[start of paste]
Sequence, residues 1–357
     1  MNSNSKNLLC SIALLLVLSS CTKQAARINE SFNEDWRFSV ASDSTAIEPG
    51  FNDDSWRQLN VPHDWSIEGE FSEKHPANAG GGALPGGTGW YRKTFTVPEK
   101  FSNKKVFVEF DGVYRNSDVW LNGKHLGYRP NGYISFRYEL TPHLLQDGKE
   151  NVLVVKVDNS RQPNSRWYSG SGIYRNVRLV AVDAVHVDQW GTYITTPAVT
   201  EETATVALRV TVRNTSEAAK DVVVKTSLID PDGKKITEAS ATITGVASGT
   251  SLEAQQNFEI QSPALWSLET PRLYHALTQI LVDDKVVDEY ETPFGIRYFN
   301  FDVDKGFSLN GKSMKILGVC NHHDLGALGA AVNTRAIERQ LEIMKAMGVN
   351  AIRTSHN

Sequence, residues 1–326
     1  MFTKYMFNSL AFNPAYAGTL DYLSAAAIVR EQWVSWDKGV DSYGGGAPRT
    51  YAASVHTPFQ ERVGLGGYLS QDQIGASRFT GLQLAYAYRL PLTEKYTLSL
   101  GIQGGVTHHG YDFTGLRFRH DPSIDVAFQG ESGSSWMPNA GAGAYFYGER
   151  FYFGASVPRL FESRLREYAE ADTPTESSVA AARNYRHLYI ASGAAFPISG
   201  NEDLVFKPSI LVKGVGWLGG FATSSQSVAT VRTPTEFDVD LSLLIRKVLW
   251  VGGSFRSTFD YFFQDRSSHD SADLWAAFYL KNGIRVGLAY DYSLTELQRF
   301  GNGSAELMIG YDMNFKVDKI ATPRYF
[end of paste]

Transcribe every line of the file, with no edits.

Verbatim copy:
Sequence, residues 1–357
     1  MNSNSKNLLC SIALLLVLSS CTKQAARINE SFNEDWRFSV ASDSTAIEPG
    51  FNDDSWRQLN VPHDWSIEGE FSEKHPANAG GGALPGGTGW YRKTFTVPEK
   101  FSNKKVFVEF DGVYRNSDVW LNGKHLGYRP NGYISFRYEL TPHLLQDGKE
   151  NVLVVKVDNS RQPNSRWYSG SGIYRNVRLV AVDAVHVDQW GTYITTPAVT
   201  EETATVALRV TVRNTSEAAK DVVVKTSLID PDGKKITEAS ATITGVASGT
   251  SLEAQQNFEI QSPALWSLET PRLYHALTQI LVDDKVVDEY ETPFGIRYFN
   301  FDVDKGFSLN GKSMKILGVC NHHDLGALGA AVNTRAIERQ LEIMKAMGVN
   351  AIRTSHN

Sequence, residues 1–326
     1  MFTKYMFNSL AFNPAYAGTL DYLSAAAIVR EQWVSWDKGV DSYGGGAPRT
    51  YAASVHTPFQ ERVGLGGYLS QDQIGASRFT GLQLAYAYRL PLTEKYTLSL
   101  GIQGGVTHHG YDFTGLRFRH DPSIDVAFQG ESGSSWMPNA GAGAYFYGER
   151  FYFGASVPRL FESRLREYAE ADTPTESSVA AARNYRHLYI ASGAAFPISG
   201  NEDLVFKPSI LVKGVGWLGG FATSSQSVAT VRTPTEFDVD LSLLIRKVLW
   251  VGGSFRSTFD YFFQDRSSHD SADLWAAFYL KNGIRVGLAY DYSLTELQRF
   301  GNGSAELMIG YDMNFKVDKI ATPRYF